In addition to all their full cast audio dramas and partially narrated audio dramas, Big Finish also produce audio books–pieces of prose fiction which are available to listen to being read by various actors. Amongst these are many short pieces of Doctor Who fiction, marketed as “Short Trips”. Most of these are available on the Big Finish website for about $3.00 AUD, but there are a few available as a free download, including this one…
(Daily Doctor Who #161)
The Last Day at Work
Written by Harry Draper
Read by Nicholas Briggs
The Last Day at Work features the Second Doctor and Jamie, arriving at an English inn in the 1960’s where Constable Bernard Whittlam is celebrating his retirement party with his friends. The Doctor makes easy friends with the man, but discovers along the way that something highly unusual is going on, which leads to a very different destiny for the constable and his friends.
What I liked about The Last Day at Work is the sense of atmosphere and characterization. Both the story and Nicholas Briggs’ reading do a good job bringing out the personalities of the Second Doctor and Jamie, as well as Bernard and his lady friend Emma. It makes the story pleasant to listen to in the same way that it’s nice to spend an evening with old friends.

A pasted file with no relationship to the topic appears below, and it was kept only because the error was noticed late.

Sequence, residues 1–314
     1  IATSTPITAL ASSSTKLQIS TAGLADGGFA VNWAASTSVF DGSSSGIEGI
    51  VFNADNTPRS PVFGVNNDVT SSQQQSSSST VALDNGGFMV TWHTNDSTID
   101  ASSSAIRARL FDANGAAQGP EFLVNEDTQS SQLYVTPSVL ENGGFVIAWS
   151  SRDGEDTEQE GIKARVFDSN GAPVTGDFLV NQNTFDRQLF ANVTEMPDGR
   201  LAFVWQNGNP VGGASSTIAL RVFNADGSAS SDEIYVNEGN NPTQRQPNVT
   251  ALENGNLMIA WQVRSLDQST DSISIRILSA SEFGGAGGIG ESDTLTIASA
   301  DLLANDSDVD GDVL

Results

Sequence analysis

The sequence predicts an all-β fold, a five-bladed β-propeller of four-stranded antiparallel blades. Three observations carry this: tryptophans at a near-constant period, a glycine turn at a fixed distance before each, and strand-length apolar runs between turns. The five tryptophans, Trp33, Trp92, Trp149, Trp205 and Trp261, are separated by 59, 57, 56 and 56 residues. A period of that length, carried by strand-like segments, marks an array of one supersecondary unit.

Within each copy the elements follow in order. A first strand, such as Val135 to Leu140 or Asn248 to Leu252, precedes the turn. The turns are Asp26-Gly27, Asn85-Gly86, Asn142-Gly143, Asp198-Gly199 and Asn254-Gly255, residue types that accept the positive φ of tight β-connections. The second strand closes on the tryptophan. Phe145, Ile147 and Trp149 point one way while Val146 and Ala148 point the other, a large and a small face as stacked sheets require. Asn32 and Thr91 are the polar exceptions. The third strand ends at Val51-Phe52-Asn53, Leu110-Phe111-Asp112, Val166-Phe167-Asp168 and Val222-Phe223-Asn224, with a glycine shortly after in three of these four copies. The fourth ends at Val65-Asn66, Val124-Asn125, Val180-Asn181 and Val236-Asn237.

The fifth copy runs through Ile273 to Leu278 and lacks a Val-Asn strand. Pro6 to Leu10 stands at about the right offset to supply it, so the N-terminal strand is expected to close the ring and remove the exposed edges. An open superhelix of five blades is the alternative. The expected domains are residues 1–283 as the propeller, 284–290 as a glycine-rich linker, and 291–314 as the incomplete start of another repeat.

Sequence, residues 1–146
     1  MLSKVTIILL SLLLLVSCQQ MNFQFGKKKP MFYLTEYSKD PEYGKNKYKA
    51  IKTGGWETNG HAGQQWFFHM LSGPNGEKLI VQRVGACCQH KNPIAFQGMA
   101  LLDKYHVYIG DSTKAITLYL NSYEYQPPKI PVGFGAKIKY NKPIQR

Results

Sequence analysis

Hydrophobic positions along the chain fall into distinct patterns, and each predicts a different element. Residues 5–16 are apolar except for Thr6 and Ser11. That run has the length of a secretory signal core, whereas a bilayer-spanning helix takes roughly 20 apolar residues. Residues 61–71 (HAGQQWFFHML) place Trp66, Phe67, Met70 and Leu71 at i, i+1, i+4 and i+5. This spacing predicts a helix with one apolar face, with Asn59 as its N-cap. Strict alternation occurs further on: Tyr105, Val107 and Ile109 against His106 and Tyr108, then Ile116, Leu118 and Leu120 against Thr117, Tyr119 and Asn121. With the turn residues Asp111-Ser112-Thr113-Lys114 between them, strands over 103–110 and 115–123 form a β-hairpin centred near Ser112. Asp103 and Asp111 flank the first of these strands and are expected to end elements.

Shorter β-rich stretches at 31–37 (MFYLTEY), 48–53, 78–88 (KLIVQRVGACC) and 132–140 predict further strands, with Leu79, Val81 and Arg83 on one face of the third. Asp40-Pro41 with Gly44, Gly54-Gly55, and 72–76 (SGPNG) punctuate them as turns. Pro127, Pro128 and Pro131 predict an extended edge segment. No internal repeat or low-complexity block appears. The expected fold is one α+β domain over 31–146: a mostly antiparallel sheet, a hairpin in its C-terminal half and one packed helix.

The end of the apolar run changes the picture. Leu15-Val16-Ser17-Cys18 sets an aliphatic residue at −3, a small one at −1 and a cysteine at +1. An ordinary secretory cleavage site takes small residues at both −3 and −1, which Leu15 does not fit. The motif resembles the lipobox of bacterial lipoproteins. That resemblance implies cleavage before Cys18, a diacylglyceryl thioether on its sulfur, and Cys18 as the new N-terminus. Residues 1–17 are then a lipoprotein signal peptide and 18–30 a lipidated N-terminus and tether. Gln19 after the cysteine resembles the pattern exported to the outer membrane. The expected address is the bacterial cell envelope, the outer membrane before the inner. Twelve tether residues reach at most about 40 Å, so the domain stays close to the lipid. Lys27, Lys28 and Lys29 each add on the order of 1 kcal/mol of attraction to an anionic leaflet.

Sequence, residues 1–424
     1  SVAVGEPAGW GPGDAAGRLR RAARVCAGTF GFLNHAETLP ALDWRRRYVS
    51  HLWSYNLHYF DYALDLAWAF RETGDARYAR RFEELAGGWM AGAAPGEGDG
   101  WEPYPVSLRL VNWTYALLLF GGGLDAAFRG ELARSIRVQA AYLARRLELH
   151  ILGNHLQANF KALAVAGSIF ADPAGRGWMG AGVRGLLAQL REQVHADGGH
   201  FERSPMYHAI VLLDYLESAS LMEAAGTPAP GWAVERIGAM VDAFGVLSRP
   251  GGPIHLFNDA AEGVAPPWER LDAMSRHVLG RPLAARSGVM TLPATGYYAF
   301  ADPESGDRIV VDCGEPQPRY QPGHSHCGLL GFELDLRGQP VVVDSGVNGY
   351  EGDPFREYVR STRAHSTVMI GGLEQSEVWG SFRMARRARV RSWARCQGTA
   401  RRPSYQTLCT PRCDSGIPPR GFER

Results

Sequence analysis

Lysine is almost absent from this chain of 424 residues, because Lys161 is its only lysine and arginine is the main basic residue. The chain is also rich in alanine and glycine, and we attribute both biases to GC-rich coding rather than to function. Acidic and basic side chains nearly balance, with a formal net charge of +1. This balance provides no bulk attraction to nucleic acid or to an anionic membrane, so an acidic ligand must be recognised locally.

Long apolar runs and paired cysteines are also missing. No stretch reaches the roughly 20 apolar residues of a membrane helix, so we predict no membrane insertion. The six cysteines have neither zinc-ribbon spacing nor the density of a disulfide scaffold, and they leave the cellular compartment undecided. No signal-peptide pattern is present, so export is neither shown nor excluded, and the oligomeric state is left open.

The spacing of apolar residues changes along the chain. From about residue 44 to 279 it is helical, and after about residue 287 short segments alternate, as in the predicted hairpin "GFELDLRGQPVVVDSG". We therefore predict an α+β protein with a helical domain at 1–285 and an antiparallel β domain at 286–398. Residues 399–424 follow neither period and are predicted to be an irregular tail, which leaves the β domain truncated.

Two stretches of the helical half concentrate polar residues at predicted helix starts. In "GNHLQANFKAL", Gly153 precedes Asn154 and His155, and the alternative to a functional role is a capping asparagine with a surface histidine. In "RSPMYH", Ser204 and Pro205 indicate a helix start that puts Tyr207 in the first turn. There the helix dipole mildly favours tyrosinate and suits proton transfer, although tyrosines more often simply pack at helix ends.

Less satisfying for me was the actual resolution of the story: Bernard is actually an extension of the TARDIS’ own Chameleon Circuit, created when the Doctor landed in 1963 and shaped itself as into a police box. When the Doctor departed, Bernard was left behind, without purpose or identity. So he somehow gave life to a whole bunch of family and friends and constructed an artificial life for himself. At the end, in what’s supposed to be a sad and poignant moment, Bernard and Emma walk off together as the Doctor shuts them off.
Short stories are a nifty place to tell stories that are high on concept and short on plot, but the central idea that this story is trying to sell are just a bridge too far for me to accept. The Chameleon Circuit can apparently create a living being who can then go on and create more living beings of his own. Making sense out of that, and thus making Emma and Bernard’s final moments meaningful, just requires more time than this story gives us.
So, though the writing in The Last Day at Work is really nice, the story itself was not something I really enjoyed in the end.